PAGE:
Ga. man creates crime-fighting robot
By Paul Donsky
The Atlanta Journal-Constitution
ATLANTA — Rufus Terrill has had it with the drug dealers, petty thieves and vandals he says roam the streets outside his downtown Atlanta bar, O'Terrills.
But instead of calling the police or hiring private security guards, Terrill reached for his toolbox.
He mounted an old meat smoker atop a three-wheel scooter and attached a spotlight, an infrared camera, water cannon and a loudspeaker. He covered the contraption with impact-resistant rubber and painted the whole thing jet black.
And so was born what surely must be Atlanta's first remote-controlled, robotic vigilante.
Late at night several times a week, Terrill powers up the 4-foot-tall, 300- pound device and reaches for a remote control packed with two joysticks and various knobs and switches. Standing on a nearby corner, he maneuvers the machine down the block, often to a day care center where it accosts what Terrill says are drug dealers, vagrants and others who shouldn't be there.
He flashes the robot's spotlight and grabs a walkie-talkie, which he uses to boom his disembodied voice over the robot's sound system.
"I tell them they are trespassing, it's private property, and they have to leave," he said. "They throw bottles and cans at it. That's when I shoot the water cannon. They just scatter like roaches."
Terrill hasn't named his creation. The day care center operator, Lydia Meredith, lovingly calls it "robo-cop," a nod to the popular movie series about a half-man, half-machine police officer.
O'Terrill's regulars, who cheer on the robot from the safety of the bar's porch, have coined a much less politically correct moniker: the bum-bot.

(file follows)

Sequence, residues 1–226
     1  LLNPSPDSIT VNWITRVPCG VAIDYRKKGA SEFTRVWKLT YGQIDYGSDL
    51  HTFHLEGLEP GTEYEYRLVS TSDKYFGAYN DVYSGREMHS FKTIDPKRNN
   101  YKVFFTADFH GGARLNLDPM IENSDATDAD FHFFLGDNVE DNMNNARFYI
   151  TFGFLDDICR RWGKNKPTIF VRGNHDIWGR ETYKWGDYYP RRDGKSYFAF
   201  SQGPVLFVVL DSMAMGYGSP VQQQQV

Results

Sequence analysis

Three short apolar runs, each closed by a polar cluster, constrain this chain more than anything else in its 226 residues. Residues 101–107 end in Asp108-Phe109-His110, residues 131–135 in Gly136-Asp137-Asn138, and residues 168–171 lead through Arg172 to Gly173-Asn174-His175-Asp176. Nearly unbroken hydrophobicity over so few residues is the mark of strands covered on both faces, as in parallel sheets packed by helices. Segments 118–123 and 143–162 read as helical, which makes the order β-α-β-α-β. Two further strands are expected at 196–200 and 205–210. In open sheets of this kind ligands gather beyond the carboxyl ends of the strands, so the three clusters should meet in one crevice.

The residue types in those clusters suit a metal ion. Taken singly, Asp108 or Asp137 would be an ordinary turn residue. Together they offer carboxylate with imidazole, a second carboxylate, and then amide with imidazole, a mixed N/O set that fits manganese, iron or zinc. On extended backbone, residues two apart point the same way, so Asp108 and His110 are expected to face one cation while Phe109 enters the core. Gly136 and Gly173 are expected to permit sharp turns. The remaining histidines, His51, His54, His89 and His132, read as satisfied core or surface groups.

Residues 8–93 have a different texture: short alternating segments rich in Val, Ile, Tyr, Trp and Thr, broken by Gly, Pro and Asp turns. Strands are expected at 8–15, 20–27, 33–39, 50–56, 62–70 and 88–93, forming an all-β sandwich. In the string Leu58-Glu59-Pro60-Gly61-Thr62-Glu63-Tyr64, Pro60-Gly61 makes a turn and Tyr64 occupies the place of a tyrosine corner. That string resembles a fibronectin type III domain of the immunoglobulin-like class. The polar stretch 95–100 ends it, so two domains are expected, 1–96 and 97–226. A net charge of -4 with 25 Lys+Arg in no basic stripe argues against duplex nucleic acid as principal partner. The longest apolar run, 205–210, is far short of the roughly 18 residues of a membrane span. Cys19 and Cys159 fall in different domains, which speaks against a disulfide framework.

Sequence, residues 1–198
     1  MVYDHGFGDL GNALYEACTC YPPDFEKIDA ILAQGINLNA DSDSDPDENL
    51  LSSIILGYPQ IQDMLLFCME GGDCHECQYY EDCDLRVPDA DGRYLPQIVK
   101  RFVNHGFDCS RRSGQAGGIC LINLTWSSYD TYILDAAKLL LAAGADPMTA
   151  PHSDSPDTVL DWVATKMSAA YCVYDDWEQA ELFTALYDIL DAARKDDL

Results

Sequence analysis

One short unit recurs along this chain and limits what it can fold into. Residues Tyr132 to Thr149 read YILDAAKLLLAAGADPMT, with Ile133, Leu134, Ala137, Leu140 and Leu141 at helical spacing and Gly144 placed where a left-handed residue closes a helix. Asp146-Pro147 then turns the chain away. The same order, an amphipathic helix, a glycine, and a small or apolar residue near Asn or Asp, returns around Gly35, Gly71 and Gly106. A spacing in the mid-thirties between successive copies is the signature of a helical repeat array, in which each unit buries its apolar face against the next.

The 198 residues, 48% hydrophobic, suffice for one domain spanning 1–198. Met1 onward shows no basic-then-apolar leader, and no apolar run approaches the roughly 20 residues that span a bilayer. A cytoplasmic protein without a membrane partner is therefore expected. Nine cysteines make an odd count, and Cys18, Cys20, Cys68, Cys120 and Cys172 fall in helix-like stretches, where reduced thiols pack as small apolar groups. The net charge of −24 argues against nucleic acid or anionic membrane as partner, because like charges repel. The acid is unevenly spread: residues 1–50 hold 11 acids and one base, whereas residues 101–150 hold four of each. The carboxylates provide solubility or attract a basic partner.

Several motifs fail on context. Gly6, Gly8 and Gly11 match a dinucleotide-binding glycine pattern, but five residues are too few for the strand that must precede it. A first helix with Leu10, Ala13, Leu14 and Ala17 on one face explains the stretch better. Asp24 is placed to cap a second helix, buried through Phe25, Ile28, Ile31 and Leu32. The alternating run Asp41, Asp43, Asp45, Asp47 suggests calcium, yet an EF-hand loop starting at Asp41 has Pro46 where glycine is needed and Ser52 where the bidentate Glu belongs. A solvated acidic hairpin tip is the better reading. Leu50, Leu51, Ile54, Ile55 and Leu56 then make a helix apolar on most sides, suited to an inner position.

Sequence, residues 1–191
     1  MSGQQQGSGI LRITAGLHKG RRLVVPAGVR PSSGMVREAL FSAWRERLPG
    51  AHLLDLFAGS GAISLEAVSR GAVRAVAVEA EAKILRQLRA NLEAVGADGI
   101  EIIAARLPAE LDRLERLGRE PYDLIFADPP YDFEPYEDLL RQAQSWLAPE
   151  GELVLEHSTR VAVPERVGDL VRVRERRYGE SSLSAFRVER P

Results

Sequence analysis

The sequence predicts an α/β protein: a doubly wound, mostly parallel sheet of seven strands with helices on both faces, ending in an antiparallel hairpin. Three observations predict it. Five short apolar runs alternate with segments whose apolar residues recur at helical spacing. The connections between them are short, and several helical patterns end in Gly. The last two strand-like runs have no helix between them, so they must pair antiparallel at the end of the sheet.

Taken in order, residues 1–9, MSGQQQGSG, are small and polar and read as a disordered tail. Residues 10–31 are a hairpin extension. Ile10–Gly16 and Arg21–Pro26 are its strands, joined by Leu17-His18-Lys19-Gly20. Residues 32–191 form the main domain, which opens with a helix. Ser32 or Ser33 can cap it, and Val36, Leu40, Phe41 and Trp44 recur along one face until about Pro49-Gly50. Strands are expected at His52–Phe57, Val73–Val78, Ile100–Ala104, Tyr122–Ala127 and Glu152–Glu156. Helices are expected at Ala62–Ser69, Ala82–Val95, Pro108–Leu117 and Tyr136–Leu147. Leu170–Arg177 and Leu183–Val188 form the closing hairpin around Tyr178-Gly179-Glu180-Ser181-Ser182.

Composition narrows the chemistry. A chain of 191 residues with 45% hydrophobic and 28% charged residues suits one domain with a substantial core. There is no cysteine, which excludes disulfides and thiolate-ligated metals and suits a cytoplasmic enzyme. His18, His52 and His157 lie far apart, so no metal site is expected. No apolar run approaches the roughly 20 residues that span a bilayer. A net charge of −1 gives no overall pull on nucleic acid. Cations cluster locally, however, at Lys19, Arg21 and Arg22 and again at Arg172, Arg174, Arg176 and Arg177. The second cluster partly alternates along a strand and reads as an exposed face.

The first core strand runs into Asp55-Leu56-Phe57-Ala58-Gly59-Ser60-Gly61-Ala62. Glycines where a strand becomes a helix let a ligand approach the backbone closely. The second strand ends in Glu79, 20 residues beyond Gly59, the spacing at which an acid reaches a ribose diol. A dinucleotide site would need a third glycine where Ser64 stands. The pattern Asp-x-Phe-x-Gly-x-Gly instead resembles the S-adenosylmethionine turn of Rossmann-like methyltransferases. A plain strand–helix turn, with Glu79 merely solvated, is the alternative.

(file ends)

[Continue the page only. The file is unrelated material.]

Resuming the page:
Whatever you call it, it's not an elegant looking machine. Terrill is on the money when he describes it as a cross between the "Star Wars" robot R2-D2 and a tank.
Terrill is far from your average hobbyist. An engineer by training, he also ran for lieutenant governor in 2006, finishing last among the five Democrats on the ballot.
Terrill says deploying the robot has helped keep crime in check, preventing car break-ins and drug deals and stopping vandals from trashing the day care center. The water cannon is on a low setting and is merely a nuisance, he said.
Terrill insists he's not a kook, that he's serious about using his robot to fight crime.
"The city lacks the ability to control crime in the area," he said. "I think I'm doing what I have to do."
Atlanta police officials said they haven't received any complaints about the robot. But police spokeswoman Lisa Keyes said Terrill would be committing an assault if he intentionally sprays water on someone when in control of the robot.
Terrill said he is not restricting anyone's rights and noted that he has written permission from the day care owner to use the robot on her property.
Much of the crime in the area, Terrill claims, is related to a nearby shelter run by the Metro Atlanta Task Force for the Homeless at the corner of Peachtree and Pine streets. As many as 1,000 people crowd into the facility on winter nights.
The Task Force's director, Anita Beatty, said the area's crime can be traced to drug dealers who prey on the homeless, many of whom suffer from drug addiction.
"I'm not saying everybody who lives here is an angel," said Beatty. "But it's simply not true that this place attracts crime to the neighborhood."
Beatty said she had heard about the robot but had yet to see it in action.
"I just hope he keeps his little robot away from our place, because it sounds kind of angry," she said.
But some are glad to see stepped-up security in the neighborhood.
Meredith, who manages the day care facility, Renaissance Learning Center, said the robot has helped protect her property.
"I'm happy to have the robo-cop," she said, laughing. "I wish I had two or three more robo-cops. I wish I could afford to have a robo-cop myself."
Terrill said his efforts have been criticized by some, who suggest he's out to get the homeless. One person who's been face-to-um, face with the robot told him it's inhumane to use a machine against people. Terrill said the man threatened to shoot him, but so far he's not been harmed.
Terrill is undeterred.
"It's not a fight against the homeless, it's a fight against crime," he said. "I'm just trying to run a business in a peaceful manner."
Copyright 2008 The Atlanta Journal-Constitution
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